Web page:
The “It breaks the human” report released by the human rights group Amnesty International highlights new statistics from the Human Rights Data Analysis Group, or HRDAG, an organization that uses scientific approaches to analyze human rights violations.
The report charts abuses dating back to the start of the Syrian uprising against President Bashar Assad in March 2011. It indicates that 17,723 people died in custody across Syria between then and the end of 2015.
The government’s crackdown on dissent followed by the rise of armed opposition groups ignited a civil war that has killed more than 250,000 people, displaced half the country’s population and generated more than 4.8 million refugees, although Amnesty believes that with tens of thousands of people forcibly disappeared in detention facilities across Syria the real figure is likely to be even higher.
Witnesses to abuse
Based on interviews with 65 torture survivors, the report describes abuse in security units operated by Syrian intelligence agencies and in Saidnaya military prison, near Damascus. Most of them described witnessing at least one, if not several, deaths in custody, Amnesty said.
The report notes that torture includes forcibly contorting a victim’s body into a tire and flogging the soles of feet, electric shocks, rape and sexual violence, extracting fingernails and toenails, scalding with hot water and cigarette burns.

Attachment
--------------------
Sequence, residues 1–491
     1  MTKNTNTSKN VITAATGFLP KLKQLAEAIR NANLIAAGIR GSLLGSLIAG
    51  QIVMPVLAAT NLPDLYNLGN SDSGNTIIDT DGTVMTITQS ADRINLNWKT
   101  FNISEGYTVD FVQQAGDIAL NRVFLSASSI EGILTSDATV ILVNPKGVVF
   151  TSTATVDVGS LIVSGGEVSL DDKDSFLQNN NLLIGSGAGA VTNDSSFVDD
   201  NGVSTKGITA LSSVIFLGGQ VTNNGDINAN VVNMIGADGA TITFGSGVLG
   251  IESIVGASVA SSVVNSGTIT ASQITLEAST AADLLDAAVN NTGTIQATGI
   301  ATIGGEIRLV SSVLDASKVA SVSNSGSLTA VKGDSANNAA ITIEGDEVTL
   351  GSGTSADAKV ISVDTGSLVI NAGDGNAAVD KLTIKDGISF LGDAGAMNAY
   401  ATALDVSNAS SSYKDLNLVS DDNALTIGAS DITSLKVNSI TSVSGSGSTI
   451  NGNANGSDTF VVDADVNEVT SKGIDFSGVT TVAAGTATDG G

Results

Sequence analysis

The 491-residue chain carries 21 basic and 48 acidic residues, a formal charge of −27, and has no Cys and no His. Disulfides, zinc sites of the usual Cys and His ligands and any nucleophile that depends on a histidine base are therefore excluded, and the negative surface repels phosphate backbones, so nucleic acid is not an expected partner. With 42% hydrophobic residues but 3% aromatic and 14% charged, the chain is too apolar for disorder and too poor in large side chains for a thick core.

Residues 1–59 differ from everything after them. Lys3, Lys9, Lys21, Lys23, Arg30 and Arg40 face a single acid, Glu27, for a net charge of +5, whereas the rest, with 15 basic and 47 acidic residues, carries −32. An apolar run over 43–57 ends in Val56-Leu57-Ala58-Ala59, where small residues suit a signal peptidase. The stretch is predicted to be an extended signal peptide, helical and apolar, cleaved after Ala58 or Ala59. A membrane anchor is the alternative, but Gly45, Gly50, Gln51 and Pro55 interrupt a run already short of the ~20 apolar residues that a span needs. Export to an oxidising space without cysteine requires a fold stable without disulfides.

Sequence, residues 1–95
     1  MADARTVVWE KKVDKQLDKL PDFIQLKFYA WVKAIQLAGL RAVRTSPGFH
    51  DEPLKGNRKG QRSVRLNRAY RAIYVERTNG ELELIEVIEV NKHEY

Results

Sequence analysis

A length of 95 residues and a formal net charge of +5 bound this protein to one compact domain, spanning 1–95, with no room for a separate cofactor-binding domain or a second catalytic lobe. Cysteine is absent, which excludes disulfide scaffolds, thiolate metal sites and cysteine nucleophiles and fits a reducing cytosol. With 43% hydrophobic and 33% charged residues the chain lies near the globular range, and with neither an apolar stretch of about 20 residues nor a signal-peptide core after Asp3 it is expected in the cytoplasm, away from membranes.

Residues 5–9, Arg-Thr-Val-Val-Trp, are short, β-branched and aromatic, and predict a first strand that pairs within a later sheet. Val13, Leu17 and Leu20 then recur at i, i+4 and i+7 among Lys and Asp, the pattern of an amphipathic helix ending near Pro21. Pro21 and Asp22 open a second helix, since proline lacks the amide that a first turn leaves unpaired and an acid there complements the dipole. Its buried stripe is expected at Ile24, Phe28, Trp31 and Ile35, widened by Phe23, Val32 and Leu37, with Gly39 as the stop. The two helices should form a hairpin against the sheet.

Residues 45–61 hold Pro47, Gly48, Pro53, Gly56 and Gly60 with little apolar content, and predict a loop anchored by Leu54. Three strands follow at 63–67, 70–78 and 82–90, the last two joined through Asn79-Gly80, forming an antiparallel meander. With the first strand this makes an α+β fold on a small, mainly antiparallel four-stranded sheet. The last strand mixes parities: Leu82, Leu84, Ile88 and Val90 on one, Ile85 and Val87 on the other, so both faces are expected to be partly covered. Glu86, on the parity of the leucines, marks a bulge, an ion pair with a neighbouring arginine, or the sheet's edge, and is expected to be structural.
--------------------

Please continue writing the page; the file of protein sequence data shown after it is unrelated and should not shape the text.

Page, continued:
Treated like animals
Anyone seen as an opponent of the government is at risk of arbitrary detention, torture, enforced disappearance and death in custody, according to Amnesty.
“They had to break us; they treated us like animals. They wanted people to be as inhuman as possible,” according to a former detainee identified as Samer, who Amnesty said was arrested while transporting humanitarian supplies. “I didn’t see anyone die but I saw the blood, it was like a river,” he said.
Permanent risk of death
“The catalogue of horror stories featured in this report depicts in gruesome detail the dreadful abuse detainees routinely suffer from the moment of their arrest, through their interrogation and detention behind the closed doors,” according to Philip Luther, director of Amnesty International’s Middle East and North Africa program. “This journey is often lethal, with detainees being at risk of death in custody at every stage,” he said.
“For years Russia has used its UN security council veto to shield its ally, the Syrian government,” according to Amnesty’s Philip Luther, “and to prevent individual perpetrators within the government and military from facing justice for war crimesand crimes against humanity at the international criminal court. This shameful betrayal of humanity in the face of mass suffering must stop now.”
Reconstructing the horror
Amnesty also collaborated with the Forensic Architecture agency at Goldsmiths, University of London, to reconstruct the Saidnaya site. “As we pieced together the model, we realized the building isn’t only a space where incarceration, surveillance and torture take place,” Eyal Weizman, director of Forensic Architecture told the UK-based newspaper “The Guardian,” “but that the building is, itself, an architectural instrument of torture.”
The team began an intensive process for Amnesty of interviewing former detainees of the prison who had escaped across the border to Turkey, in order to build up a detailed picture of the facility.